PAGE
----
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Story of a Swedish police who was about to become terrorist

Hanif Azizi was close to become a terrorist, but a broken passport and a dream of ice cream saved him.
I used to stand in front of the mirror and pretend to be in Sweden buying ice cream, says Hanif Azizi. Today he is a police officer and lectures on extremism.
Hanif Azizi grew up in a military base between Iran and Iraq. He dreamed of Sweden as a child. He had heard that there was a car driving around the streets selling ice cream – and that the parents could give pocket money to the children to buy ice cream. One day he was suddenly sent to Sweden.

– Mother said “You are nine years old, you are old enough to take care of your little brother now”. “Yes mom,” I replied.

The plan was that later in life he would return and fight for the terrorist group Mujahedin-e Khalq.

Trauma, fear, lack of trust, grief and hatred are something a child gets who is sent away in that way, Hanif says.

They told me that my father was a hero

– When I came to Sweden, I had to live with a Persian family who were also traumatized. Some days we did not get food and my clothes were not washed. At school I was teased, “Hanif go from here, you stink”.

Hanif Azizi

Hanif Azizi

The staff at Hanif’s school asked many questions and they made concerns. Thanks to that, he got to come to a new family. The actions of the leisure staff came to change Hanif’s entire life.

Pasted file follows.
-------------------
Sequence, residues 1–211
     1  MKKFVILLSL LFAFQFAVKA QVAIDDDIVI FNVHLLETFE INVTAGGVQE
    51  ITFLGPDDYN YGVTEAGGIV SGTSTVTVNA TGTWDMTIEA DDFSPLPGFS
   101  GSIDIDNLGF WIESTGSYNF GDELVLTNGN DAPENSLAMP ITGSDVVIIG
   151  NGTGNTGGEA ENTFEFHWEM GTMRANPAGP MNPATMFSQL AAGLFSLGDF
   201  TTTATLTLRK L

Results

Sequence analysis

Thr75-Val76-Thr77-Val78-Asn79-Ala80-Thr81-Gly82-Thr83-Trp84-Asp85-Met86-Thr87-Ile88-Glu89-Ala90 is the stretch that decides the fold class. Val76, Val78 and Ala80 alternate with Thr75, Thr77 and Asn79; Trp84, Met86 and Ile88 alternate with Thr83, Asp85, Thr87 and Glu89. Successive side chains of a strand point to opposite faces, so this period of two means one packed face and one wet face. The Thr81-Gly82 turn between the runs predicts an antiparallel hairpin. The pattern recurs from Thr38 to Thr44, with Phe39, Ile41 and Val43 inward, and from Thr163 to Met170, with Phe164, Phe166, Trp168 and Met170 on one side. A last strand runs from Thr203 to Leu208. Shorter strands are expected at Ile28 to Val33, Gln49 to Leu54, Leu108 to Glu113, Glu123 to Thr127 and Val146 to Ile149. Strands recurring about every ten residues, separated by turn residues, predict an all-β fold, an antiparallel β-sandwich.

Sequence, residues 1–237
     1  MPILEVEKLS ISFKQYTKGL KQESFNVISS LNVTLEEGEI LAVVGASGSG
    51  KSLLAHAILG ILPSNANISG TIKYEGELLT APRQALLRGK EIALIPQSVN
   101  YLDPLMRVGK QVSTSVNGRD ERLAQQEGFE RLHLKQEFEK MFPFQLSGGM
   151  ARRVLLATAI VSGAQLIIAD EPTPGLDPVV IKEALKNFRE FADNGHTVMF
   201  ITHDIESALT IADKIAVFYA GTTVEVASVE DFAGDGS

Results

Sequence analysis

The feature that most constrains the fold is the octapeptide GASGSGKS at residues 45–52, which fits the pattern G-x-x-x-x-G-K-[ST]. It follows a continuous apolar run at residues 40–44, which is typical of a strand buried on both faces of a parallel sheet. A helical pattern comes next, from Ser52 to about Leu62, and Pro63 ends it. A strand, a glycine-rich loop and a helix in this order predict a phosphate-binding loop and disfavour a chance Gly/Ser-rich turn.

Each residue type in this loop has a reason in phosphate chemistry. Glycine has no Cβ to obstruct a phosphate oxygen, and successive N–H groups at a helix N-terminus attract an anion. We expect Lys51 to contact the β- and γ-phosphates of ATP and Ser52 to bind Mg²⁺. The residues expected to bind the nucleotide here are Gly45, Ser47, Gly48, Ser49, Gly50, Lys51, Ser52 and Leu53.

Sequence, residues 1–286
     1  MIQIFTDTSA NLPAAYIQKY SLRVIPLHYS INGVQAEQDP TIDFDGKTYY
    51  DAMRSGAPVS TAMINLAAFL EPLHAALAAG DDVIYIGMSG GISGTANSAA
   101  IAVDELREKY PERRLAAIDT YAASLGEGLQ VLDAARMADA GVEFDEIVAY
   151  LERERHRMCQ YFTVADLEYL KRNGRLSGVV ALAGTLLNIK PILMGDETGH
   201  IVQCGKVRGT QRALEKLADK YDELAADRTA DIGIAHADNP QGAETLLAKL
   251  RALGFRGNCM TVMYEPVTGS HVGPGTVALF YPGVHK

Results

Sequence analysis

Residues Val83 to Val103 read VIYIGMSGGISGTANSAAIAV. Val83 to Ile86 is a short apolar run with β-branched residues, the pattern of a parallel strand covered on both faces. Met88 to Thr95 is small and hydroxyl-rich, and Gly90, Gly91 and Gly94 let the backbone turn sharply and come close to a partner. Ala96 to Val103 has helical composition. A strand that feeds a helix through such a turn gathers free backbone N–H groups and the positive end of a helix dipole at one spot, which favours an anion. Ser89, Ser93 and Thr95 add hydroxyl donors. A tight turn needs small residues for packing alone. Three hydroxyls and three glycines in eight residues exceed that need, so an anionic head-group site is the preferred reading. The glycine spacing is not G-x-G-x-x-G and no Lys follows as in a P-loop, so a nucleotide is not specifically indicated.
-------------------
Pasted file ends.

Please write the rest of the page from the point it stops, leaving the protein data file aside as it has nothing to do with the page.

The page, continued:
Although Hanif was doing well with his foster parents, it was something that weighed heavily on him, even though he could not put his finger on what it was. One day Hanif got a phone call from his biological mother that lasted for about an hour, she told him, among other things, that he had to visit Mujahedin’s office in Stockholm.

– They told me that my father was a hero, and that they fought with him. From not being anything, I became something.

Hanif was confused and did not feel that he belonged anywhere. He was desperately looking for an identity and had big questions about life. What was the point of that? He had low self-esteem, felt excluded and did not know exactly what he wanted to do with his life. But he wanted to make a difference, he wanted to find belonging and he wanted to be a hero.

When Hanif was 19, he went to Iraq to visit his mother and was manipulated by the Mujahedin.

– They took advantage of the fact that I had been discriminated against in Sweden to get me to join them. “Why should you be in Sweden, they do not give you a job. For them, you are just a black skull.”

Hanif decided to follow in his father’s footsteps and become a soldier. But he first wanted to go back to Sweden and say goodbye to his family.

Back home in Sweden, he felt that the heavy backpack he was carrying became lighter, perhaps because he had met his mother.

– When I told my foster parents, my mother said “This is not you, these are not your words. You have been brainwashed”.

After visiting the family, Hanif discovered that his passport was broken, so it took some time before he could return to Iraq.

– It was summer and nice weather, I hiked, ate ice cream and hung out with those who loved me. I realized that I was living my dream life, I had dreamed of coming to Sweden. I decided to make a comeback in Swedish society and today I am a police officer, says Hanif Azizi.

Linda Eliasson,folkbladet.nu

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